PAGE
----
The Shefflex company was founded in Sheffield, England in 1918, as an off shoot of the Sheffield Simplex Company. They built a small truck based on the Commer 1 1/2-2 ton truck.
The "Sheffield Simplex Company" was contracted by "Commer Commercial Cars" to build trucks during the 1st World War, as Commer were at full capacity, but when the war ended the crontract was terminated, but Simplex contained to market the surplus trucks built in Sheffield as Shefflex. The stock was sold on to a R A Johnstone, a motor dealer who then carried on building them till 1935, and introduced a new heavy model in 1930 as a 6x2 with a 5-ton payload. and a 6-ton Forward control version. Options of Dorman, Meadows and Petter engines being offered.
Sheffield Simplex CarsEdit
Sheffield-Simplex was a British car and motor cycle manufacturer opaerating from 1907 to 1920 based in Sheffield, Yorkshire and Kingston upon Thames, Surrey.
The company received financial backing from the coal magnate Earl Fitzwilliam. The first few cars were called Brotherhoods and were a continuation of the Brotherhood-Crocker cars made in London in which Earl Fitzwilliam had been an investor. Brotherhood sold the London site in 1905 and moved to Peterborough but could not get permission to build a car factory so the Earl suggested a move to Sheffield where he built a new factory in Tinsley.
In 1908 the first cars to bear the Sheffield-Simplex name appeared designed by Percy Richardson ex Daimler and Brotherhood. The LA1 had a six cylinder 6978 cc engine and three speed gearbox. It was joined in 1908 by the LA2 intended for lighter open bodies which did without a conventional gear system, having three crown wheel and pinion sets on the rear axle to give different ratios.
Four smaller cars joined the line up in 1910. The LA3 and long wheelbase LA4 were the babies of the family with a four cylinder engine of 2882 cc, while the LA5 and LA6 had six cylinder 4324 cc power units. These cars lasted only one year and in 1911 were replaced by the LA7 with a six cylinder 4740 cc engine allowing the company to boast that only one other British maker made only six cylinder cars. Sheffield-Simplex considered their only rival to be Rolls-Royce and even opened a London showroom in Conduit Street very close to theirs.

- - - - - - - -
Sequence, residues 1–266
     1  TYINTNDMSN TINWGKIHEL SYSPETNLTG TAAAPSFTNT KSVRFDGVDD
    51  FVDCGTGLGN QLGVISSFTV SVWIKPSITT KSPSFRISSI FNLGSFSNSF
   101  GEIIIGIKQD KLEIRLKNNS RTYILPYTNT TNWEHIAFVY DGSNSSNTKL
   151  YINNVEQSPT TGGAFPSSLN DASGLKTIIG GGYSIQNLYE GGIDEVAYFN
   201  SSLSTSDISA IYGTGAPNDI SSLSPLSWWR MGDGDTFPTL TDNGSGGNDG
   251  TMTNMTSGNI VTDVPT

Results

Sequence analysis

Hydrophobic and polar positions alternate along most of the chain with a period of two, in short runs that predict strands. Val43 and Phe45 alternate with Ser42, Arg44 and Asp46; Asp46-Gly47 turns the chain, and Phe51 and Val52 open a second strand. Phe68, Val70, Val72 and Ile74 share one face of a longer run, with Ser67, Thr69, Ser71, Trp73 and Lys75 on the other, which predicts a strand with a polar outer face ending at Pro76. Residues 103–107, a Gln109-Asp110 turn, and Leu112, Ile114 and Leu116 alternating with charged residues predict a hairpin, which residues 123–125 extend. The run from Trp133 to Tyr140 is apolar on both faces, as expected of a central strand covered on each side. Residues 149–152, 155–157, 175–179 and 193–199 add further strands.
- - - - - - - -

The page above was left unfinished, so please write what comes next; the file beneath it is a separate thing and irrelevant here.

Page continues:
The LA7 was updated to LA7b specification in 1913 and this included electric starting and in 1914 the old LA1 and 2 models were finally dropped.
During World War 1 the company made armoured cars supplied to the Belgian and Russian armies, ABC Wasp and Dragonfly aircraft engines and munitions.
Car production recommenced in 1919 with the LA7b but now called the 30hp but few were sold and it was replaced by a new design, the 50, in 1920. This had a new engine of 7777 cc with each of its six cylinders separately cast. It appeared at the London Motor Show in that year fitted with a two seat body and again in 1921. It is quite probable that it was the only one made.
As well as cars the company built Ner-a Car motor cycles and in 1923 opened a factory in Kingston upon Thames. This unconventional machine was designed by American Carl Neracher and had a very low chassis dropping down between the wheels. Production continued until 1927.
The final years of car production are a mystery and it seems likely that few were made post World War 1 and final production might have been in Kingston. About 1500 cars were made in the company's history.
- A-Z of Cars of the 1920s. Nick Baldwin.1994. Bay View Books. ISBN 1-870979-53-2
- Beaulieu Encyclopedia of the Automobile. editor N. Georgano. HMSO, London. 2000. ISBN 1-57958-293-1
- The World Encyclopedia of Trucks, by Peter J. Davies
NOE:This is the 500th Article created on the Tractor & Construction Plant Wiki